Female Athletes: With Fame Comes Nudity
I’ve always been a huge fan of UConn women’s basketball because of their ability to consistently perform at such a high level. As back to back national champions in 2009 and 2010, they remain at the top of women’s college basketball with a NCAA-record winning streak of 78 consecutive games. Diana Taurasi, a standout at UConn from 2000-2004, led the team to three consecutive national championships. In addition to the national recognition she received during her college career, Taurasi was held in celebrity status by many young girls and teenage athletes. We were her biggest fans! We continued to follow our hero as she was selected first overall in the 2004 WNBA Draft and went on to win a Gold medal at the 2004 and 2008 Olympics.
But most recently, you can spot Taurasi on the cover of the magazine ESPN, Body Issue.
Her nude picture has shocked many of her fans who once looked up to her as a role model. Getting naked once you’re famous seems to be the norm for most successful athletes, but why must the media go there? The media shows so few women playing sports, and the small number of images that we do see are intentionally sexualized. Women look quite strong and independent in their uniforms, but the media purposefully accentuates the sexier, feminine portrait off the playing field.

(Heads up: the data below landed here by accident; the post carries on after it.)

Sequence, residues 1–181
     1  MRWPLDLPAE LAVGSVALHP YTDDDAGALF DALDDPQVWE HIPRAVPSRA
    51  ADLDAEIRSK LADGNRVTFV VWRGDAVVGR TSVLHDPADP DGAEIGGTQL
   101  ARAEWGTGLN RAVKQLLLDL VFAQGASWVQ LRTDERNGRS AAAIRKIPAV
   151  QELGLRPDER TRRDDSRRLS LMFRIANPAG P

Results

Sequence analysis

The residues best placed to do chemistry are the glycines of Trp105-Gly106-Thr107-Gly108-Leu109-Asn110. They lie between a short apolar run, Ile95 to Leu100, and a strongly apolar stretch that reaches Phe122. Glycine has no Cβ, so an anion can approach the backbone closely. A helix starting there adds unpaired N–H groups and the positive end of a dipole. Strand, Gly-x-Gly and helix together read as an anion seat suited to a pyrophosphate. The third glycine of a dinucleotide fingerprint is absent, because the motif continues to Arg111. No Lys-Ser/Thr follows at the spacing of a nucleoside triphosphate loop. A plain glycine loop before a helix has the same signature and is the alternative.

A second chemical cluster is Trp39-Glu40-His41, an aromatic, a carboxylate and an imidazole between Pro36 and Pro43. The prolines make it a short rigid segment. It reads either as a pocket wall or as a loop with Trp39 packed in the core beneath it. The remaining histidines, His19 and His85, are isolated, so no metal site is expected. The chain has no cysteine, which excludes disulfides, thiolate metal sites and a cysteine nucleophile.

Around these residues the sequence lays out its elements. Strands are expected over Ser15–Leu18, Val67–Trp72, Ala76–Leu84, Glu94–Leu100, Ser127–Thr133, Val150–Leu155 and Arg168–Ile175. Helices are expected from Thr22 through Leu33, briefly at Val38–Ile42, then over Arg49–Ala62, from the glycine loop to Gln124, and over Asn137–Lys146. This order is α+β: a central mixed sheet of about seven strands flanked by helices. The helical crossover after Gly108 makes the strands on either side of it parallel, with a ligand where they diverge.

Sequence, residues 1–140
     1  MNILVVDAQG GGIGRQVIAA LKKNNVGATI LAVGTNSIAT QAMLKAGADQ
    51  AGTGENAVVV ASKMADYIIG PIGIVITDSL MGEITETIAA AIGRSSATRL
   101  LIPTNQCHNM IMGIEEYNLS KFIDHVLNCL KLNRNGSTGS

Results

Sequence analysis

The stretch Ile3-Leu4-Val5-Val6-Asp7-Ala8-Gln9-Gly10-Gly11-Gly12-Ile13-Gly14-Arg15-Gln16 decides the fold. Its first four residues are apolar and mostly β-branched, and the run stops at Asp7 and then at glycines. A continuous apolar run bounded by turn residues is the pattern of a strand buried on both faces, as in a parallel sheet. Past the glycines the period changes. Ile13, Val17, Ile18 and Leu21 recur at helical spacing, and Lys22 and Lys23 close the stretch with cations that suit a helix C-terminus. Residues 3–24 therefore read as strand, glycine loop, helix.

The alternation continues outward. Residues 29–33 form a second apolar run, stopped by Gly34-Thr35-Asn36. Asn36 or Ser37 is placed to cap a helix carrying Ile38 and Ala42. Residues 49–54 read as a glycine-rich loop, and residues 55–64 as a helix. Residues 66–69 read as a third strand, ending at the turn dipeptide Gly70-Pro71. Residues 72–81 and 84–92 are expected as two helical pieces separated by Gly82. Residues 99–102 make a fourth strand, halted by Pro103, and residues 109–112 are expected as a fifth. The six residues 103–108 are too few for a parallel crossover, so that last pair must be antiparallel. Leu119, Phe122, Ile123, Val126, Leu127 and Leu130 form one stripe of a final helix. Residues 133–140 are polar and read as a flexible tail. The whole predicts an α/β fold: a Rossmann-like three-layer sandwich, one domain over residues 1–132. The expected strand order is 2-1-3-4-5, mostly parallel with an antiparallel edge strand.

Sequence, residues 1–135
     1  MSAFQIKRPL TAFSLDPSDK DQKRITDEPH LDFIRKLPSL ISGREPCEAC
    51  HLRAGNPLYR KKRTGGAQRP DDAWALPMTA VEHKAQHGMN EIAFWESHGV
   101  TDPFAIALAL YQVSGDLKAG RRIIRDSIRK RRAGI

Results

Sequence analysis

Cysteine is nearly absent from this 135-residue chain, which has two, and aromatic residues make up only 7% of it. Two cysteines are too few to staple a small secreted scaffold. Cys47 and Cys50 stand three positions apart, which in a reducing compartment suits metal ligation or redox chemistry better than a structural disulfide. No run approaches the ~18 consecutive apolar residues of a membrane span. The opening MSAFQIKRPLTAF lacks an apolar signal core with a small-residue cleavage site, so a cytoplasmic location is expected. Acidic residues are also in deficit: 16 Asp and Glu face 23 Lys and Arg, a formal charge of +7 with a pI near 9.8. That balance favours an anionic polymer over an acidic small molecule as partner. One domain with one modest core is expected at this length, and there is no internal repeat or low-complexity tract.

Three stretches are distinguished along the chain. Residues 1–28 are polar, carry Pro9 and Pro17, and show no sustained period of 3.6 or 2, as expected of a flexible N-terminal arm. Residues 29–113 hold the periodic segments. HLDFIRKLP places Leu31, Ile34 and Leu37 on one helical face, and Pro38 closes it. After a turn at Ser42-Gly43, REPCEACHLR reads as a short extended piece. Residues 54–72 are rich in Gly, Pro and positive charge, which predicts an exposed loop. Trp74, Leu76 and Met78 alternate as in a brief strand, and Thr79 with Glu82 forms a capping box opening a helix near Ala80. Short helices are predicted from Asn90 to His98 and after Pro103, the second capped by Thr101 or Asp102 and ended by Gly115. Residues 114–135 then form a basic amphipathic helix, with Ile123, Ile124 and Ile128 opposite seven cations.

Many others came before Taurasi; the most well known seductive pose was of Brandi Chastain in Sports Illustrated wearing nothing but a soccer ball.
How do children make sense of these images? Today, girls are forced to compete with what they see in the media. The message to young girls is that to be any kind of athlete and to get any form of attention, they need to be beautiful and thin. While it’s acceptable to participate in a variety of activities at a young age, image is everything and it’s better to be an attractive, athletic super star above all else. Girls who play sports are most noticed and talked about when they look good.
Diana Taurasi claimed to have fun doing the photo shoot and said afterwards,
I am who I am…whether I have clothes on or off.
Taurasi’s agent echoed her with,
Every woman is multi-dimensional and Diana’s strength isn’t constrained to her undeniable athletic resume. Her photos are fearless and beautiful and the shoot was a challenge that she embraced.
I understand that such a decision is a personal choice and can be argued both ways. In the end, I am most disappointed that rather than continue to pursue her own identity, she let the media create one for her. My role model is just one more athlete that can be added to the list of Olympians who have made the choice to pose as nude models. As Audrey Brashich said in her article on girl power,
The universal message for girls becomes that it doesn’t matter how you start out – you’ll end up becoming a sexy, ultrafeminine woman.